Nevertheless, more pointed and more scientific studies also find positive health benefits in the practice of TC. For instance, one study conducted by the Oregon Research Institute sought to evaluate the efficacy of a six-month tai chi intervention for decreasing the number as well as the risk of falls in older persons.

A sample of 256 physically inactive, community-dwelling adults aged 70 to 92 were recruited through a patient database in Portland, Ore. for a randomized controlled trial. Participants participated in either a three-times-per-week tai chi group or a stretching control group for six months. The primary outcome measure was the number of falls; the secondary outcome measures included functional balance, physical performance, and fear of falling, assessed at baseline, three months, six months (intervention termination), and at a six-month follow-up.

At the end of the six-month intervention, fewer falls (38 as opposed to 73), lower proportions of fallers (28 percent compared with 46 percent), and fewer injurious falls (seven percent versus 18 percent) were observed in the tai chi group compared to the stretching control group. The risk for multiple falls in the tai chi group was 55 percent lower than that of the stretching control group. Compared, then, with the stretching control participants, the elderly individuals who practiced tai chi showed significant improvement in all measures of functional balance, physical performance, and reduced fear of falling.

Significantly, all of these gains were maintained at the follow-up point six months later. Another study that uses similar techniques focused on sufferers of tension headaches.


In June, Migraines and Headache Awareness Month is observed. More than 45 million Americans suffer from chronic headaches, according to the National Headache Foundation, with losses of billions of dollars each year in the form of absenteeism as well as billions more spent on over-the-counter medications. Tension-type headaches (TTH) represent just over three-quarters of all headaches; they occur either chronically or in single episodes and are most often reported to be the result of stress, anxiety, fatigue, or anger. Symptoms include soreness and pain, a tightening band-like sensation around the head, pressure sensations, and contracted head and neck muscles. Generally, treatment includes massage, relaxation routines, biofeedback, medications (including over-the-counter pain killers and muscle relaxants), and stress reduction. A group of California researchers wondered — what about tai chi as a treatment for tension headaches?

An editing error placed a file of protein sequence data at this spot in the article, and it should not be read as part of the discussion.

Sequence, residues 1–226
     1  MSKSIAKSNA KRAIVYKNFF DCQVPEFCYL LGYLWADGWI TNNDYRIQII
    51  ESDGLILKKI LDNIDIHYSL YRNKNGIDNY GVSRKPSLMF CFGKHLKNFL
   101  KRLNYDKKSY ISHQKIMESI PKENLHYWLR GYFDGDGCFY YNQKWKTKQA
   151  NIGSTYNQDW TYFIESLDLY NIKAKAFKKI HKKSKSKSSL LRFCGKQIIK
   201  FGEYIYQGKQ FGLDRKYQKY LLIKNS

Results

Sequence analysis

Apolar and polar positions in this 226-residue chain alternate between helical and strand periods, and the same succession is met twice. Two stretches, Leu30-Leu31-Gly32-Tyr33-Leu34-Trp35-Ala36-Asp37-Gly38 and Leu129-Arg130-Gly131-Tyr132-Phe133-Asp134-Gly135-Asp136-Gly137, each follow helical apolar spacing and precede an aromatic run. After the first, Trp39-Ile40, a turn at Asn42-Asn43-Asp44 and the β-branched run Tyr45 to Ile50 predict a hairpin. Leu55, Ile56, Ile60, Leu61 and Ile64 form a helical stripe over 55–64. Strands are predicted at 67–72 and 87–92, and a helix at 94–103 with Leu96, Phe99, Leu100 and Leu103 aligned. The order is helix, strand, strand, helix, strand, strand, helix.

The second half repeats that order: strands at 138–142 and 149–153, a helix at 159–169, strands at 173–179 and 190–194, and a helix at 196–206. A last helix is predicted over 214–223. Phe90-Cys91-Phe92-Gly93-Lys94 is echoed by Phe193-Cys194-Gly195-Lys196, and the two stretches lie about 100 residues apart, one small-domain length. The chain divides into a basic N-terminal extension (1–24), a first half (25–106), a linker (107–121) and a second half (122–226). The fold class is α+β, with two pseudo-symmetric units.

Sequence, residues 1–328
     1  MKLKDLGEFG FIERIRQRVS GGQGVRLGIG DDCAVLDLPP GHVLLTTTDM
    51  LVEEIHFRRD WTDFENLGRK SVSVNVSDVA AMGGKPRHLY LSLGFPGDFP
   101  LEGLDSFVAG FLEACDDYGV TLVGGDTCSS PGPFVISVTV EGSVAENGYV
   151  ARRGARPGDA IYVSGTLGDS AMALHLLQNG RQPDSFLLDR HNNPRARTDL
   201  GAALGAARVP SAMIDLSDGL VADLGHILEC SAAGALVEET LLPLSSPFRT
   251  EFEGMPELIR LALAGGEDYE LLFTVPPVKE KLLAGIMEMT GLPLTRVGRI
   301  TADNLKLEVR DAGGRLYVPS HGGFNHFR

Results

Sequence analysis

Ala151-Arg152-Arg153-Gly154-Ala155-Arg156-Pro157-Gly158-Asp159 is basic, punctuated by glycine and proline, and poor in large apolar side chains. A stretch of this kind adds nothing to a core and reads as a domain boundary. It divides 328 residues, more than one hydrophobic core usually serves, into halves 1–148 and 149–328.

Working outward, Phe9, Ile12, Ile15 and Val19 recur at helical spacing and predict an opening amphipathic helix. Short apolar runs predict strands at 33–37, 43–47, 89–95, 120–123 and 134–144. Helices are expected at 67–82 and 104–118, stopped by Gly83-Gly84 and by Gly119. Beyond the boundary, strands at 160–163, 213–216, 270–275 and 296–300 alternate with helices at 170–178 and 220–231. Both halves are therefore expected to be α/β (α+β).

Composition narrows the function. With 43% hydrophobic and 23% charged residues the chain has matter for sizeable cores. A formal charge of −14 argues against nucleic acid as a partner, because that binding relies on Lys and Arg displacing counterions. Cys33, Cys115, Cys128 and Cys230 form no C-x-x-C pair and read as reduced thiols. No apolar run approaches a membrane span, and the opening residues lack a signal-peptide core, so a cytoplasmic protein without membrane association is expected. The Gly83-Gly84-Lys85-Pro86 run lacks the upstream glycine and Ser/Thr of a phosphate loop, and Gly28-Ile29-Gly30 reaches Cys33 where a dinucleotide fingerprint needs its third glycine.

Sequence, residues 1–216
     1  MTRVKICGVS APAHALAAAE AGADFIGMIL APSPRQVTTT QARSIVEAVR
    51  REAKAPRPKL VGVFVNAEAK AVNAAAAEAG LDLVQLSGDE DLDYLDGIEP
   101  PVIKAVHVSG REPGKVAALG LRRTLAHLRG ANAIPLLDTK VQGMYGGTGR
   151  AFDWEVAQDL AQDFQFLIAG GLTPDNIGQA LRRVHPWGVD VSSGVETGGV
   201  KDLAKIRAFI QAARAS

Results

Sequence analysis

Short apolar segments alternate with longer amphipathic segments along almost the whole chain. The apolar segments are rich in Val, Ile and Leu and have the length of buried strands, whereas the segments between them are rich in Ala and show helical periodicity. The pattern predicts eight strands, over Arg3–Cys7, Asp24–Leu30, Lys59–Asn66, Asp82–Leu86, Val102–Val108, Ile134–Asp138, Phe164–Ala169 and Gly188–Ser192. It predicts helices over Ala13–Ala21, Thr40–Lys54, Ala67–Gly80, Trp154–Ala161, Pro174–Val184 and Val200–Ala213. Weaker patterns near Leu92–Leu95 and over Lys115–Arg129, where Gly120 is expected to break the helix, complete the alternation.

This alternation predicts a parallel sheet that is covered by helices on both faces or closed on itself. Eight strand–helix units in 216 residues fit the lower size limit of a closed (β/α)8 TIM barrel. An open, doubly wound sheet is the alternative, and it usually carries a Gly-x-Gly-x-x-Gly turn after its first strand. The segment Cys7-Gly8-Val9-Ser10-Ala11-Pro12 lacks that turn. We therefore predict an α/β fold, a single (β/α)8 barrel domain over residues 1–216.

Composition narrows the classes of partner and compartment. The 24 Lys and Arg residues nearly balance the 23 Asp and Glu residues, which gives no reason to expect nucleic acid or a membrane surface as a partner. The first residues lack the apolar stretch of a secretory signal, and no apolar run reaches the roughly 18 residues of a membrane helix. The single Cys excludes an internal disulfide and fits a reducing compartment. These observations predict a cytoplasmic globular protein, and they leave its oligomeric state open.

A study conducted with the help of UCLA Center for East West Medicine examined the effect of tai chi on the impact of headaches in adults who suffer from tension-type headaches. Forty-seven participants were randomly assigned to either a 15-week program of tai chi instruction or a waitlist control group. Assessments of their headaches as well as their health-related quality of life (HRQOL) were obtained when the study began as well as at five, 10, and 15 weeks.

Statistically significant improvements in both the number and pain of headaches as well as HRQOL (energy/fatigue, social functioning, emotional well-being, and mental health) were scored by those participants selected to perform tai chi. Although this small study is not conclusive in and of itself, it does amount to another brick in the wall of evidence that tai chi confers many health benefits on practitioners.

Sources: Jahnke R, Larkey L, Rogers C, Etnier J, Lin F. A Comprehensive Review of Health Benefits of Qigong and Tai Chi. American Journal of Health Promotion. 2010.

Li F, Harmer P, Fisher KJ, et al.Tai Chi and fall reductions in older adults: a randomized controlled trial. The Journal of Gerontology. 2005.

Abbott RB, Hui K. Hays RD, Li M-D, Pan T. A Randomized Controlled Trial of Tai Chi for Tension Headaches. Evidence Based Complementary Alternative Medicine. 2007.